BETHESDA, Maryland, June 17 (Reuters) - Britain's Rory McIlroy posted the lowest 36-hole score ever recorded at the U.S. Open to grab a commanding eight-stroke lead midway through Friday's second round at Congressional.
The 22-year-old Northern Irishman followed up his opening round of 65 with five birdies and an eagle in a superb 66 to reach the halfway stage at 11-under-par 131.
His total shaved one stroke off the previous U.S. Open record of 132, set by Ricky Barnes at Bethpage two years ago, and was just one off the lowest halfway score at any major, the 130 set by Nick Faldo at the 1992 British Open at Muirfield.
"It's very near the best I can play," McIlroy said. "It feels quite simple. I'm hitting fairways. I'm hitting greens. I'm holing my fair share of putts. And that's really been the key."
McIlroy's round would have been even better had he not made a double-bogey six at the final hole after hitting his approach into the water.
He had became the fastest player ever to reach double digits under par at a U.S. Open when he holed out from the fairway at the par-four eighth, his 26th hole, for eagle to reach 10-under.
Even playing partner Phil Mickelson clapped in admiration at the shot by the mop-topped McIlroy, who landed his second shot about 18 feet past the hole and watched it trickle down a slope and curl into the cup.
"He's striking it flawlessly and putted great on the greens," said Mickleson, a five-time U.S. Open runner-up who shot two-under-par 69 for one-over 143.
McIlroy also birdied the 14th and 16th holes before rolling in a 12-foot putt at the par-four 17th to push his total to 13 under par, surpassing the record low mark of 12-under, set by Gil Morgan during the 1992 U.S. Open and matched by Tiger Woods when he won the 2000 championship at Pebble Beach.
But McIlroy spoiled his flawless start to the championship when he found the water with his approach to the 18th after finding the left rough off the tee.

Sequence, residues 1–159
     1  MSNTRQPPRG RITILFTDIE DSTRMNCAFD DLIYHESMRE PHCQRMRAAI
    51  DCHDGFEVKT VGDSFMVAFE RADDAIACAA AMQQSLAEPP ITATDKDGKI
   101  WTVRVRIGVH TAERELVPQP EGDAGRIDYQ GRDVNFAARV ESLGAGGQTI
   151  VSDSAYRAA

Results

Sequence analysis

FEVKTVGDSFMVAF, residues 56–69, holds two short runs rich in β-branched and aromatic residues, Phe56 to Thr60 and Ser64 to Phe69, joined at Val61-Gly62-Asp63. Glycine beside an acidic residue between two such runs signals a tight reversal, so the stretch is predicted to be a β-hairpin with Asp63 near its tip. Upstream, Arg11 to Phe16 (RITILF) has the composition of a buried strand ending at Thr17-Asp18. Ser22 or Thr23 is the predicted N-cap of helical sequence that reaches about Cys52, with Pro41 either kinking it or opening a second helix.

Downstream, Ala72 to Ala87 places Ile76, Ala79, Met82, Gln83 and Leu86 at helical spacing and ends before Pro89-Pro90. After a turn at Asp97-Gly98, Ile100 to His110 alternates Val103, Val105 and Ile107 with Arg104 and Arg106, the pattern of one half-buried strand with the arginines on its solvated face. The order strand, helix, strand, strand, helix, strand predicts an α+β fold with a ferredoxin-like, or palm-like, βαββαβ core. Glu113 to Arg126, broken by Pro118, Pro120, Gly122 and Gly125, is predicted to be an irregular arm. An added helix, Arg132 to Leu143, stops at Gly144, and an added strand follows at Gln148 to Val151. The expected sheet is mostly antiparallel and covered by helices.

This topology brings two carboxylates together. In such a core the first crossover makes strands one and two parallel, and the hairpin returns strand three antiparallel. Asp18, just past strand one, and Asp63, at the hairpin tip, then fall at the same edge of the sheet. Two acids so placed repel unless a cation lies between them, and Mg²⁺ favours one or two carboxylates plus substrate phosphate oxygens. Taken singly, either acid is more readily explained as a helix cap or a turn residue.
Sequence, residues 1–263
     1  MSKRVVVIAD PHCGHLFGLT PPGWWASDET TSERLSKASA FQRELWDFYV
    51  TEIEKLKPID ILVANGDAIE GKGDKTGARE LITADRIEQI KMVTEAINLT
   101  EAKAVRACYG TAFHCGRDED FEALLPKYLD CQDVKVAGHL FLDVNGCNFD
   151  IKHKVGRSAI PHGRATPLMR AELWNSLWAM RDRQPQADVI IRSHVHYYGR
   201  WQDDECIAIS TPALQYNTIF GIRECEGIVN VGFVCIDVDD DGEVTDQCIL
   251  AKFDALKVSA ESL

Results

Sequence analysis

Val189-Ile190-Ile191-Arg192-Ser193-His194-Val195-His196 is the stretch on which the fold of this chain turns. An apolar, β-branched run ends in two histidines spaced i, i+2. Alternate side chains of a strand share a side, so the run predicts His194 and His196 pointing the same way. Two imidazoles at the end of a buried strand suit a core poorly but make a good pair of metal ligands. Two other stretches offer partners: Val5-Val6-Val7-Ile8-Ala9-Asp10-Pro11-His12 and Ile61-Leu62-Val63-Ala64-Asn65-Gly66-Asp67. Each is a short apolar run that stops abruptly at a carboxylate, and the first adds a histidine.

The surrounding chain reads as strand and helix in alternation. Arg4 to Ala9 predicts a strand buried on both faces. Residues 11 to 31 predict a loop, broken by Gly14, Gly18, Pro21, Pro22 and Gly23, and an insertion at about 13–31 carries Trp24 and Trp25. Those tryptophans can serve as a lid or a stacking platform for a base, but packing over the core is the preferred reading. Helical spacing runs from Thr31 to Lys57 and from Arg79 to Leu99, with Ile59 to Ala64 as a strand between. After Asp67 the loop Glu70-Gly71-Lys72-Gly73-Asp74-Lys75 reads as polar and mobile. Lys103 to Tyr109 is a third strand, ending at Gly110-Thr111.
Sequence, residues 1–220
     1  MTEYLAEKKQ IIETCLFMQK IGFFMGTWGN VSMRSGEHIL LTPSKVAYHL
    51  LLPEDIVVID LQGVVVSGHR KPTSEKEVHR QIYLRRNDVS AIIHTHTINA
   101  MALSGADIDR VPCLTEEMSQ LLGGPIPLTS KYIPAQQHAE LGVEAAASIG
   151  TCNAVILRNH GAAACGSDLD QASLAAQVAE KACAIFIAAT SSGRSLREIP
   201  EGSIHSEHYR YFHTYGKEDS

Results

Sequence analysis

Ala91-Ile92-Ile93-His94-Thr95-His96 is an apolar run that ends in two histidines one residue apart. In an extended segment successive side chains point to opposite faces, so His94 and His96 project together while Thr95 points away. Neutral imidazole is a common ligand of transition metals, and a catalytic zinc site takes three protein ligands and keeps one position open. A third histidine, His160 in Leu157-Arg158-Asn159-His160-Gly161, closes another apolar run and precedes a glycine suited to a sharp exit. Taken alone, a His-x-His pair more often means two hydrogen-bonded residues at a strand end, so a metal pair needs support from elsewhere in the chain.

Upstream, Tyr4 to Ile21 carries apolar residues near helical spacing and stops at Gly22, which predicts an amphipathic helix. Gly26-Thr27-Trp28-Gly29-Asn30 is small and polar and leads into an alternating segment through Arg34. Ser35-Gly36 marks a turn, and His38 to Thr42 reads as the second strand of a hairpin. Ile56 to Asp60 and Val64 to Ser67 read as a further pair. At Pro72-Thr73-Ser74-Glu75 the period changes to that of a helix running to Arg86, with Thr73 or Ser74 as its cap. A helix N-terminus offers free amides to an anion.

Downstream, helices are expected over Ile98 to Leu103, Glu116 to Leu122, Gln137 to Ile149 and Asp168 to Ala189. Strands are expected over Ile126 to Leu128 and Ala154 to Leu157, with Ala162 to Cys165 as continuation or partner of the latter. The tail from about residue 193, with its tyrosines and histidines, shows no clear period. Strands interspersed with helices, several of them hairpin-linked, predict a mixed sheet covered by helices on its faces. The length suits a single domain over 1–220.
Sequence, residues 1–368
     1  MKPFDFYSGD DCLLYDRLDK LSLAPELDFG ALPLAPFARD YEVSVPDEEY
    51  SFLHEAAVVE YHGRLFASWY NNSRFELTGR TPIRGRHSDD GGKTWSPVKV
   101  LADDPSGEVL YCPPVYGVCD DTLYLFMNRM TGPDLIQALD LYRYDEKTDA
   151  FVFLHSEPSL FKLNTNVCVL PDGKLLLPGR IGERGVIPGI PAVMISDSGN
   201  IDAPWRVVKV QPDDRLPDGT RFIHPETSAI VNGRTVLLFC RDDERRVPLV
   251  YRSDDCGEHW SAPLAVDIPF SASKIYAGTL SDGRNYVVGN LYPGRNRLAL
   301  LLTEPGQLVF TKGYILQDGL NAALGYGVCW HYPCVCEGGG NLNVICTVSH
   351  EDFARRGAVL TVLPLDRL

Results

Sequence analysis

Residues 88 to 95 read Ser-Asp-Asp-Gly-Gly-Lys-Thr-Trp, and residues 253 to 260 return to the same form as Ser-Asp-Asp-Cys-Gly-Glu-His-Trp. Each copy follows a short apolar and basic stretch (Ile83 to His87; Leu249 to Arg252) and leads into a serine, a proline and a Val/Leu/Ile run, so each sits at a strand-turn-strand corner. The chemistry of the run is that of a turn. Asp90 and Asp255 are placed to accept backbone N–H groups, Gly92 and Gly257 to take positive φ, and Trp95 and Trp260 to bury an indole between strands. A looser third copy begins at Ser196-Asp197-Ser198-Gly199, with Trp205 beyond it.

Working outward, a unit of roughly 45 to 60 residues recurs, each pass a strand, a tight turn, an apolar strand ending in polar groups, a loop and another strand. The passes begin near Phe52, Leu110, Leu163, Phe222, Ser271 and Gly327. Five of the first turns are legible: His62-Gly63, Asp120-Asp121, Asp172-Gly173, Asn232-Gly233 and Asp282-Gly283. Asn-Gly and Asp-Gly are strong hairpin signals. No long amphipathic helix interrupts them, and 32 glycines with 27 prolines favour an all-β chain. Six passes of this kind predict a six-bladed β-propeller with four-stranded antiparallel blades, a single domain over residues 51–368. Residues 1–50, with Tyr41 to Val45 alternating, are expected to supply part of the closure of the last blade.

"Naturally, you've got to be disappointed after walking away with a six but looking at the overall picture over two days, I feel very good," he said.
"I have to keep it going over the next two days. I'm only halfway there."
Yang Yong-eun of South Korea, the first Asian man to win a major with his victory at the 2009 PGA Championship, was a distant second, running off a string of six pars to start his second round after posting three-under 68 on Thursday.
Masters champion Charl Schwartzel of South Africa also shot a first-round 68 but returned a 74 Friday for level par 142.
In the clubhouse, on two-under-par 140, were Spain's Sergio Garcia, who shot even-par 71 Friday, American Robert Garrigus (70) and former Masters champion Zach Johnson (69).
McIlroy, showing no signs of nerves after blowing a four-stroke lead at the Masters two months ago, played free and easy as he put himself in position to win his first major after finishing in the top three in three of the last six majors.
"It's a big challenge but every time I get myself into the position it feels more natural," he said.
"But I know more than probably anyone else what can happen," added McIlroy, who flopped with an 80 in the final round at Augusta to tie for 15th place.
"So I've got to stay really focused and try and finish this thing off."
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